Syndrome is another of Brad Bird’s big brain moments, a truly inspired bad guy. It’s so hard to come up with a persuasive supervillain thanks to decades of James Bond films and comic books. So often, world domination seems like an arbitrary goal, and it’s become an empty threat. Syndrome is motivated by personal issues that make sense, and it’s even possible to feel some sympathy for him. At first. He’s like the Fanboy Id unleashed, alternately menacing and hilarious. Once he thinks he’s killed Mr. Incredible, he sets his plan into motion. What he doesn’t count on... and what makes the film really special on an emotional level... is Mr. Incredible’s connection to his family.

I love the fact that this is a full two-hour film. It allows for a denser narrative, and things don’t get wrapped up as easily as they do in most animated films. It also allows the huge cast of characters to all make a strong impression. Edna Mode, for example, is easily the film’s breakout character, the one you’re left wanting more of, and that’s because she’s such an original creation. First, there’s the basic idea of a designer to the supers, the one responsible for all those dynamic outfits over the years. Makes sense once you think about it, but she’s still one-of-a-kind, a genuine innovation in the genre. Part of the kick is also the specific way she’s been imagined, this knee-high half German/half Japanese dynamo with an acid tongue. In every case, these characters have been given more specific character detail than they need, a mark of the profound love that Bird and his team felt for these people they’ve created. Tony Fucile, Mark Andrews, and the eccentric, unstoppable Teddy Newton are all essential parts of the puzzle, key players in the story and character design departments. Lou Romano and Ralph Eggleston built the world that all of this takes place in, and I love the way they’ve created a retro-future that evokes the golden age of Marvel, the wildest dreams of Ken Adam, and the surreal exaggerations of Rankin Bass all at once.

And, of course, there’s the cast. Craig T. Nelson is wonderful as Mr. Incredible. It’s revealing work. I honestly never knew he had it in him, and now, I can’t imagine anyone else being able to accomplish what he did with the role. Holly Hunter’s distinct Southern honeyed drawl is toned down just enough, but all the warmth and intelligence she brings to her work shines through. Spence Fox is a real find, and he makes Dash a universally identifiable kid. I’ll be honest... whenever I imagined the voice of Calvin while reading CALVIN & HOBBES, this is the voice I heard, smart and a little hyper and mischievious. It was a brilliant move to hire Sarah Vowell to play Violet. The first time I ever saw or heard her was in GIGANTIC, the documentary about They Might Be Giants, and I was smitten by this oddball and her dry wit. She makes Violet vulnerable but not weak, and it’s a hell of a performance considering she’s not an “actor.” Samuel L. Jackson nails Frozone, but is that a surprise, really? It’s a nice supporting role as written, and Jackson gives the character that much more depth, really making him something special. Jason Lee is given room to play as Syndrome, and he does some of the best work of his career here. Elizabeth Pena, Wallace Shawn, John Ratzenberger... everyone does a superlative job with what they’re given.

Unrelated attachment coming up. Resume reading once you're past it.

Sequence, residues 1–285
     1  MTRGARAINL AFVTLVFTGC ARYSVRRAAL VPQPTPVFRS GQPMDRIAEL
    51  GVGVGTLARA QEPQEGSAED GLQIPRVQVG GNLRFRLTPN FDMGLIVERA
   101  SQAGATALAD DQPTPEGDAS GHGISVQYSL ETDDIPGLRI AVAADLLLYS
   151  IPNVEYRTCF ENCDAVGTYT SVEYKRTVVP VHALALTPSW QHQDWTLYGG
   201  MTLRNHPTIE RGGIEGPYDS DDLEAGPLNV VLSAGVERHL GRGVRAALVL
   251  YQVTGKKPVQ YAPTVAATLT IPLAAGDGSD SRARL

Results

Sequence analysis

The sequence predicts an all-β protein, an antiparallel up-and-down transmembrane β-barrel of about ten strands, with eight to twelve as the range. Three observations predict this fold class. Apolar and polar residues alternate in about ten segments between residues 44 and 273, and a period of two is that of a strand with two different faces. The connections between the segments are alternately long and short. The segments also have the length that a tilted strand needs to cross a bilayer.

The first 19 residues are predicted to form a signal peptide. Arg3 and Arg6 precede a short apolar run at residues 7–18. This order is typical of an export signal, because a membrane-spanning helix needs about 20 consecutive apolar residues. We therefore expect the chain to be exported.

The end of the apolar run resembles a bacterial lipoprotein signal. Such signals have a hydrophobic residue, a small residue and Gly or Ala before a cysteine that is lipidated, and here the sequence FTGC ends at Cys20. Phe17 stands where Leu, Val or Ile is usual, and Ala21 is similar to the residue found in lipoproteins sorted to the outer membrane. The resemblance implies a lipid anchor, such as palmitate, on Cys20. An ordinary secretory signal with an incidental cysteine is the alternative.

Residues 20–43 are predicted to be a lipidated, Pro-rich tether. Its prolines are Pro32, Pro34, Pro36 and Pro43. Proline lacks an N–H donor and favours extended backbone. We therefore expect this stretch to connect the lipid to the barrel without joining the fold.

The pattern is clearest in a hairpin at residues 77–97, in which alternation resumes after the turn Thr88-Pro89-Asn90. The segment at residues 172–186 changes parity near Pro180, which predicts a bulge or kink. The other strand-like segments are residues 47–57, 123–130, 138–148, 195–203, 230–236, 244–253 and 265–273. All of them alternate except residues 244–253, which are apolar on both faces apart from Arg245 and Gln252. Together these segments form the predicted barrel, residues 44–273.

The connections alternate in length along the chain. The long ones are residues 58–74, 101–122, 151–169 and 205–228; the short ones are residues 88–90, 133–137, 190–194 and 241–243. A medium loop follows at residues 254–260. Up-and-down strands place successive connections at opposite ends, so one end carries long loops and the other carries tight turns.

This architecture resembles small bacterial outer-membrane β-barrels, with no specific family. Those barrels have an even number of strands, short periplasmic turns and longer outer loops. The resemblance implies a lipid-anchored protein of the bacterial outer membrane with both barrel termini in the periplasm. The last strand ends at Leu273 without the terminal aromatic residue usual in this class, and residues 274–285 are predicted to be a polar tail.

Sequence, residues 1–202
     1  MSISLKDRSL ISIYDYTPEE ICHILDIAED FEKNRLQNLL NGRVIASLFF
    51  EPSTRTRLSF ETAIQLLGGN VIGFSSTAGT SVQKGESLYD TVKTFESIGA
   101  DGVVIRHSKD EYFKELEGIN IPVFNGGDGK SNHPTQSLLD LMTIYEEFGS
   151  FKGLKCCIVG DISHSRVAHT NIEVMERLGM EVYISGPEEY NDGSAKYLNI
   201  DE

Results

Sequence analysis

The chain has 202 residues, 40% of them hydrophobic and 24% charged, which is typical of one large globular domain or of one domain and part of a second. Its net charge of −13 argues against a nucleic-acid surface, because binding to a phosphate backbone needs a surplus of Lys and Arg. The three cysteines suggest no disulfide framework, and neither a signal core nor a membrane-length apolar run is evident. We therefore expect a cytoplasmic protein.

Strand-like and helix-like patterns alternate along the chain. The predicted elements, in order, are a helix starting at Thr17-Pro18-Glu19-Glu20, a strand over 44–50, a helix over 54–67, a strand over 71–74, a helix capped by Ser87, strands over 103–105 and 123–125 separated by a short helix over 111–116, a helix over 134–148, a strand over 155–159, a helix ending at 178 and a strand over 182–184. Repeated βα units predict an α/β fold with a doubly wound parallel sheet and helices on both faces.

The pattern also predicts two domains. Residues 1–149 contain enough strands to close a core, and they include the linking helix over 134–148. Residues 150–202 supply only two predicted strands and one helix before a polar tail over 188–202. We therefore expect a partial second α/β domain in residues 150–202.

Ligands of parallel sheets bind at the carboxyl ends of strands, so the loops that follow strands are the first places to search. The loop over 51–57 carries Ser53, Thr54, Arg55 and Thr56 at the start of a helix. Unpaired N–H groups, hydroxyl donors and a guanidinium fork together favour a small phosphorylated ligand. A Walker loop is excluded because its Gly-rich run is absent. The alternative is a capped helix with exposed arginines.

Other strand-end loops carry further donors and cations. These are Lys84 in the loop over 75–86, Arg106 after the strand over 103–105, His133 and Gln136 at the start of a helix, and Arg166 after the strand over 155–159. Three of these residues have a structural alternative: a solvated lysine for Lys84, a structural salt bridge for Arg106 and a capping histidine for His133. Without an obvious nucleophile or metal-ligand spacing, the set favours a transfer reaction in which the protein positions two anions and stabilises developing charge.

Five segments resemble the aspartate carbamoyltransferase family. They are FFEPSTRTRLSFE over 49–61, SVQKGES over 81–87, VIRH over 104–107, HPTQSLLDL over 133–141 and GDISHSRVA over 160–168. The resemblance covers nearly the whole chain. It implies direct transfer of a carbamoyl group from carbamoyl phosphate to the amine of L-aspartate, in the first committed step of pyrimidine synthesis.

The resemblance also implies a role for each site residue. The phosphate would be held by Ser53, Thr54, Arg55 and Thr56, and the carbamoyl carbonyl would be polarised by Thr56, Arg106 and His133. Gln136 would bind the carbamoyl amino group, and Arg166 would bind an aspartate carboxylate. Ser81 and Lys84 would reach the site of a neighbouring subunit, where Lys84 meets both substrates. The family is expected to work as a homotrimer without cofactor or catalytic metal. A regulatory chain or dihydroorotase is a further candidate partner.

When the action really kicks in, once the whole family is on Nomanisan Island, the film kicks into a delirious high gear that reminds me of the sugar high I got the first time I watched BACK TO THE FUTURE. Everything drops perfectly into place. Every character pays off just right. I’ve seen the film multiple times now, and there are moments that are burned into my memory, those indelible goosebump moments that make us fall head-over-heels in love with a movie... and more than just a few. Dash realizing he can run on water, the way Frozone rides in on his temporary bridge of ice like an Olympic speed skater, Violet’s acceptance of her own ability as she puts on her mask for the first time, Bob and Helen’s argument about which freeway off-ramp to use, the appearance of a new threat at the end of the film, Jack Jack’s big reveal... and that’s just the stuff at the end of the movie. THE INCREDIBLES is overstuffed with more joy per minute than any other film this year, but it’s also a thoughtful post-9/11 parable about holding together a family even when faced with life-threatening danger. Beyond that, it wants us to celebrate the things that make us special. To reach so high and hit every mark is a rare accomplishment, and it distinguishes THE INCREDIBLES as exactly what the title claims.

Incredible, indeed.

I’ve got a lot more stuff coming before Monday, including my reaction to THE POLAR EXPRESS in IMAX 3-D, a peek at 30 minutes of footage from LEMONY SNICKET’S A SERIES OF UNFORTUNATE EVENTS, and reviews of HOUSE OF FLYING DAGGERS and BLADE TRINITY, so keep checking back!

"Moriarty" out.